“The Pond” by Aimee Ogden ( words)

Well shit. This is a devastating story about grief and love, hope and survival, and it may have broken my feels to some extent. The story centers Laura and Sana, who have experienced the loss of their son, Christopher, to a disease. The death has put a strain on their relationship, and in their desperation to get over what happened, to heal, they decided to have another child, only to find that it didn’t solve what they hoped it would. The tone and feel of the story is for me dense with the fog of hurt and grief. There is no real healing for Laura, and her own feeling that it should happen, that she should be “better,” that there needs to be a release from the pain of what happens, has made her sharp when dealing with Sana, and distant from her new daughter. When she starts to receive messages from her dead son, though...things reach a bit of a breaking point. The relationship between Laura and Sana is what dominates the story for me, even as it takes up very little actual space. The two women move around each other, avoid each other, and in their actions it’s clear to see that they want to go back to the way things were, and yet know that it’s not possible. Each holds the other partly responsible for what happened, and so blames the other for their current problems. Both blame themselves as well, and are desperate for both release from their guilt and freedom from the burden of the pain they feel. Instead they heap stress on stress, and drift further apart, and it’s difficult to watch, difficult to confront the great pain that has filled the hole left by the death of their son. The story is strange and magical, and doesn’t shrink away from showing a complex situation and relationship without flinching. And the ending...well, it’s something you’ll just have to experience on your won, full of weight and darkness and the feeling of drowning. Another amazing read!

“Nostalgia” by Bonnie Jo Stufflebeam (reprint)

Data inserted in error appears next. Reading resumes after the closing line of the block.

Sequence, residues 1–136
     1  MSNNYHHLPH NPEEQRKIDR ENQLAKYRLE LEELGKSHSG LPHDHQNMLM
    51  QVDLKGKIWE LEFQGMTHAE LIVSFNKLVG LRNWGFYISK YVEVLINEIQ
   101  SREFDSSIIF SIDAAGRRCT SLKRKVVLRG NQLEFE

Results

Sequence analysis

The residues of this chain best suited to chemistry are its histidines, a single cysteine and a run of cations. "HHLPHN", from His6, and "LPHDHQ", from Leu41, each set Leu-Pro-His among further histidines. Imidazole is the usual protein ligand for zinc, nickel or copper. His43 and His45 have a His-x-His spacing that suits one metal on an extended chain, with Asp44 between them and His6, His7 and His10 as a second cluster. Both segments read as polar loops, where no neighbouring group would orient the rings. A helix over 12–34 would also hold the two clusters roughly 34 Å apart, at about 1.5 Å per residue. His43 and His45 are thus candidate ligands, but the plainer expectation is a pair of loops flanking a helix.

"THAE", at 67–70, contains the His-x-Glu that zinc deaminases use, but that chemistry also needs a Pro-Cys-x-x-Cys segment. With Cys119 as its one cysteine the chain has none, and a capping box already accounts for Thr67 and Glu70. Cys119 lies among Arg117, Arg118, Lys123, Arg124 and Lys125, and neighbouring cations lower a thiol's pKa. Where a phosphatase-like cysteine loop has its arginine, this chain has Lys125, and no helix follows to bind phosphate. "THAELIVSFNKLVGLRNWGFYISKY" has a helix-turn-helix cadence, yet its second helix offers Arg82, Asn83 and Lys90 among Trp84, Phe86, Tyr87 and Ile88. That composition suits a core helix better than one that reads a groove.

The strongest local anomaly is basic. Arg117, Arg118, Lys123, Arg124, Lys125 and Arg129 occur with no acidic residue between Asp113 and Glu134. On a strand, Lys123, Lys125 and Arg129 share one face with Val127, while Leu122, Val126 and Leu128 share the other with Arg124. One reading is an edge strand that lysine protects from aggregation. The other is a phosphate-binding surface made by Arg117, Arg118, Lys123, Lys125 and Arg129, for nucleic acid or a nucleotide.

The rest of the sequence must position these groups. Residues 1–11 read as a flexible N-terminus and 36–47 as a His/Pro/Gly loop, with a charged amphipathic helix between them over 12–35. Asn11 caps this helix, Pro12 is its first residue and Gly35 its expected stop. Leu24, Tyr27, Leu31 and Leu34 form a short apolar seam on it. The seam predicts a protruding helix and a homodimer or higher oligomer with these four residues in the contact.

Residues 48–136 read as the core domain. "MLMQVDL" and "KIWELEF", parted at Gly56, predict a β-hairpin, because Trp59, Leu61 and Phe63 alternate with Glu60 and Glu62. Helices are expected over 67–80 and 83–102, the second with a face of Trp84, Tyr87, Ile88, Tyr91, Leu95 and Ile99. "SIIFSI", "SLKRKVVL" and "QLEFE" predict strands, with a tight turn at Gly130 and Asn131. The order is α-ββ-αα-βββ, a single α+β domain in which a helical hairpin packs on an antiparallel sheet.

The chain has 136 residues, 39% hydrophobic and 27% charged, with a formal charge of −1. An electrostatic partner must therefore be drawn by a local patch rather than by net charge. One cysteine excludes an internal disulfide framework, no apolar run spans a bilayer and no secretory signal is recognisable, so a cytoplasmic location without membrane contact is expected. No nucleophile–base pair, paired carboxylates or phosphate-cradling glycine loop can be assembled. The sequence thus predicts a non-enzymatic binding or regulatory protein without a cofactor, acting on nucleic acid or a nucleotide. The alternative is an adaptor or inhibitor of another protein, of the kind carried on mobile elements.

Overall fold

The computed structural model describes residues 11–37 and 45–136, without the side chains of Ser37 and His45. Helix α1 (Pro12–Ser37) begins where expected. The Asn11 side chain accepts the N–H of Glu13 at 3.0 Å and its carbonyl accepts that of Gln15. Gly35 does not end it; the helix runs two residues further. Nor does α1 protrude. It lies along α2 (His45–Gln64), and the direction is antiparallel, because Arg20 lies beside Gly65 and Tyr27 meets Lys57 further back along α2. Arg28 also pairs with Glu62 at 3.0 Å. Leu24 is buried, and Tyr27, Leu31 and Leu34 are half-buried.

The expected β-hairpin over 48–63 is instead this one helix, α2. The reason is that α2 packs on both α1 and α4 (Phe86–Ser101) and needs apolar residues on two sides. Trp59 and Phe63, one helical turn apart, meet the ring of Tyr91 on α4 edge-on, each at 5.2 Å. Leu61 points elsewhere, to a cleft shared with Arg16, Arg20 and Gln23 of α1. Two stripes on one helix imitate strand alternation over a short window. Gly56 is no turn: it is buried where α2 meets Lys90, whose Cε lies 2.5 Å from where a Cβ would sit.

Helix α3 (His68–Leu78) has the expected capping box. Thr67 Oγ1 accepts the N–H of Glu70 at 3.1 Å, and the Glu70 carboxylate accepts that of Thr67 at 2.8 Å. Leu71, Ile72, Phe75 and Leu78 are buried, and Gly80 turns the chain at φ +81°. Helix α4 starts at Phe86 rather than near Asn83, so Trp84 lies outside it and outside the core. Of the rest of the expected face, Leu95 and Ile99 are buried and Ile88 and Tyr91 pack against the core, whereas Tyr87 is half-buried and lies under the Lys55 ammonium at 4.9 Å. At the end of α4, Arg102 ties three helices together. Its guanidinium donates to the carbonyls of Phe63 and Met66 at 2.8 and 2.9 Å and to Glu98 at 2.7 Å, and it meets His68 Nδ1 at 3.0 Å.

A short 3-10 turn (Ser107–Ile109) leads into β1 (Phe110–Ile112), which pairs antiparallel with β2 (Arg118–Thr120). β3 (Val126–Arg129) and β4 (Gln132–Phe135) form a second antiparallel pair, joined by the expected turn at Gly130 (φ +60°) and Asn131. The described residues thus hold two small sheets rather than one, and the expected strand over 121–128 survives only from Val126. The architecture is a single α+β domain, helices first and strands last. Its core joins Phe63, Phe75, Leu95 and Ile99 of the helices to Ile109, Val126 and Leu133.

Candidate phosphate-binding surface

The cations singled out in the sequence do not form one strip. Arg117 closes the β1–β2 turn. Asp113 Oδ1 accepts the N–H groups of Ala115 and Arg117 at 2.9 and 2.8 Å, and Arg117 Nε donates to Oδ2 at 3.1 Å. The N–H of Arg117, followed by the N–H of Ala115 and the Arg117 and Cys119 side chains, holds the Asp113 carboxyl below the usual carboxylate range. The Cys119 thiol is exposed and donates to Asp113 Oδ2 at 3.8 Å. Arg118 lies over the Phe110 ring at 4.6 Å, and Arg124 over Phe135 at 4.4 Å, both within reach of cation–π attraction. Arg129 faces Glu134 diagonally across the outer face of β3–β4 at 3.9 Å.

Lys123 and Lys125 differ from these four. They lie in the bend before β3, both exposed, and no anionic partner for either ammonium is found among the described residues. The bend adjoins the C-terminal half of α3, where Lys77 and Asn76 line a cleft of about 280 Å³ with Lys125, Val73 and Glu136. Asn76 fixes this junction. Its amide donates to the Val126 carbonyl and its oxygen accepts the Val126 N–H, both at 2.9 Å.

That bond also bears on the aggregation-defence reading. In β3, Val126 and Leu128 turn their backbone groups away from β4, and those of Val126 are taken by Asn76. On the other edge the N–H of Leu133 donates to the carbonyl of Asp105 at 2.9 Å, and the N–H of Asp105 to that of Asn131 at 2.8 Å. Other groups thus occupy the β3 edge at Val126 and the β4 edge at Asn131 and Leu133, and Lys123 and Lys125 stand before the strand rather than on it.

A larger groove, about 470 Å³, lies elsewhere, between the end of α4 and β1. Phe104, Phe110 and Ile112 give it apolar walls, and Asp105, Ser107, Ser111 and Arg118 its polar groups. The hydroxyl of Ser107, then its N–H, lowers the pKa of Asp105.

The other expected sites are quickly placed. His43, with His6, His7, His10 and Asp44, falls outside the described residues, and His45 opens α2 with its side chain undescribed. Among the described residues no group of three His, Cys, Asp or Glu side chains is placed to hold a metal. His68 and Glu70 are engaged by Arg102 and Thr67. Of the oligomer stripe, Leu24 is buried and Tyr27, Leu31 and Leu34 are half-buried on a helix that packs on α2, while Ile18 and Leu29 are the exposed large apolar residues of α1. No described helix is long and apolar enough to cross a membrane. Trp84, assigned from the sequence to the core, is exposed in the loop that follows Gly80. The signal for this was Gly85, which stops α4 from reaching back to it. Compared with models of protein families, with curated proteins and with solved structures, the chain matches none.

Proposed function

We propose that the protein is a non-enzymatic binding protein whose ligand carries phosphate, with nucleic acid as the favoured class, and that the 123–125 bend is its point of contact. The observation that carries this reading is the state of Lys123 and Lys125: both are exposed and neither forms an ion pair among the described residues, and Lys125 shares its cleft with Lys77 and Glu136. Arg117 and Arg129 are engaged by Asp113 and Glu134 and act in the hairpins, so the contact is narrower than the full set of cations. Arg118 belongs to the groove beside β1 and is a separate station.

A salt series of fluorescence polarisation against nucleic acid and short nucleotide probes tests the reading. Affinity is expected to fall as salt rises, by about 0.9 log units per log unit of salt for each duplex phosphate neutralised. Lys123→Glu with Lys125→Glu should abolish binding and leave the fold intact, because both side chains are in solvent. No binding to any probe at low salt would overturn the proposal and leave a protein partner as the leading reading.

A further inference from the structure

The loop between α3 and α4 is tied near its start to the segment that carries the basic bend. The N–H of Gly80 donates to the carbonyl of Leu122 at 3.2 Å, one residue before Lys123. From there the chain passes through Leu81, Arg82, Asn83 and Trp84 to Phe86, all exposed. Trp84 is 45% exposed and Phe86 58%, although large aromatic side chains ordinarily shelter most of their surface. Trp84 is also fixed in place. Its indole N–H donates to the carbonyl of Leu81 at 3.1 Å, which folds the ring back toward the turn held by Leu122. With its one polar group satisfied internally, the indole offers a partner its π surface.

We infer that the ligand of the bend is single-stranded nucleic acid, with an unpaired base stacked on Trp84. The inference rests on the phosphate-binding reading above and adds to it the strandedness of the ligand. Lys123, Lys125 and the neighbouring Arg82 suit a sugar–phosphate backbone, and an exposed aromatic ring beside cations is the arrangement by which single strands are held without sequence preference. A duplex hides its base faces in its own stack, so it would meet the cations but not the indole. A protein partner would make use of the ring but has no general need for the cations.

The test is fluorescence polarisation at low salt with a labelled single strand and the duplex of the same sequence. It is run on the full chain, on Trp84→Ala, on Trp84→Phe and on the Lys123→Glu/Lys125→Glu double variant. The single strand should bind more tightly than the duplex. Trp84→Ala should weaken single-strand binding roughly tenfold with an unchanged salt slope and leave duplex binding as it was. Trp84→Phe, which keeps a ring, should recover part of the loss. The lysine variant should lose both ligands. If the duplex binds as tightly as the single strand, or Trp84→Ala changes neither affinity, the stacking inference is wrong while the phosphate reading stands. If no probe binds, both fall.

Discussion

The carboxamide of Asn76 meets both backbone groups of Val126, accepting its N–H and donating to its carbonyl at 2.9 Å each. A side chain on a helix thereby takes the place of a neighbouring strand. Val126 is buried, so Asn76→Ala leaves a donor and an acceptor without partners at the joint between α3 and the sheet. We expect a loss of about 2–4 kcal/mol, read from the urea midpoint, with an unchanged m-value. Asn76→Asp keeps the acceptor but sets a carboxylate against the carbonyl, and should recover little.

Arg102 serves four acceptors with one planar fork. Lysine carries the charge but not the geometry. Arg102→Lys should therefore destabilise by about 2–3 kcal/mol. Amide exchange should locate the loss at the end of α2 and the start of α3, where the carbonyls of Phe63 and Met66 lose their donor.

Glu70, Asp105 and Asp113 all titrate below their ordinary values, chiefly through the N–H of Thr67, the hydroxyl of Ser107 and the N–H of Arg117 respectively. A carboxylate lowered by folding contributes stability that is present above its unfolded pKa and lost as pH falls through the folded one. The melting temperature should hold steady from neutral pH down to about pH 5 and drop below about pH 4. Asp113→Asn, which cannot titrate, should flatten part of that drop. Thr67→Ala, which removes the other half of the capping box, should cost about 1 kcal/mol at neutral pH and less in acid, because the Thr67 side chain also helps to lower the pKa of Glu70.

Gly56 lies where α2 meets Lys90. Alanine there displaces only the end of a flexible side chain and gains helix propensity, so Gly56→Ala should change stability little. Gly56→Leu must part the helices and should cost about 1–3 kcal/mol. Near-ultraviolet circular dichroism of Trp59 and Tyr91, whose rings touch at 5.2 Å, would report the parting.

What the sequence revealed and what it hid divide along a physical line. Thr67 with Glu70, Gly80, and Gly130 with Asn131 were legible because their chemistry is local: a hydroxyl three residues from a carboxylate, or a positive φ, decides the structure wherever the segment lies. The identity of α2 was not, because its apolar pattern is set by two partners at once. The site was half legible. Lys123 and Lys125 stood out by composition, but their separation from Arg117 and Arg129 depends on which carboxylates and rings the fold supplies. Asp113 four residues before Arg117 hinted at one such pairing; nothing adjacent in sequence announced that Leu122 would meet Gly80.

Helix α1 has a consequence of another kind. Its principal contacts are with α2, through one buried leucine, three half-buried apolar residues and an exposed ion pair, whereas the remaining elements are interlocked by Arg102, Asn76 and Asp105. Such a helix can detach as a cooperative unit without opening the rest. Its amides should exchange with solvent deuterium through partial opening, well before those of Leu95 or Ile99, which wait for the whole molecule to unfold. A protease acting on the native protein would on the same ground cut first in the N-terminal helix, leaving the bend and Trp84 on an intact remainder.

This is a slow and powerful story about growing up and being in love, about identity and fear and, well, nostalgia. And nostalgia here is a syrupy thing, thick as molasses, and for Tori it’s one of the few things that feels constant and secure. Nothing else in her life really does. She’s moved through life mostly based on the strength of other people’s convictions and desires, a string of lovers who have never really been committed to what she wanted. At least, until Kay, who is a slate, a person who (it seems to me) wants to escape gender markers. Tori herself isn’t entirely cool when it comes to Kay, her view of shur body and her identity rather clueless, though perhaps because Tori is so stuck in the past, not really wanting to move into a present or a future. The story itself follows Tori as she deals with her past and her feelings. Her being trapped by her unwillingness to commit herself in some direction, her failure to reach escape velocity. She’s not had an easy time of things, estranged from her family and stalked by an ex-boyfriend, still attached to her first girlfriend despite their relationship being over and not exactly the healthiest. But the story does a great job of being messy, of showing Tori in this soup of different old hurts and old hopes. She lives nearby the same town she grew up in, has gotten away but is still orbiting that past where everything seemed simpler, when it seemed like things would be easy. Similarly, she’s gotten away from her college friends as well, and yet hasn’t really moved on from there. At any moment a strong will threatens to pull her back into old patterns, which is made easier by Tori’s own desire to escape into the drug of nostalgia. It’s something that gets between Tori and Kay, and threatens the future that Tori might have if only she takes action and tries. And I love where the story goes will all of this, again offering no neat solution, no painless way forward. But it does leave room for healing and for hope that Tori can build a present and a future she’ll want more than the past that is gone forever. So yeah, definitely check this story out!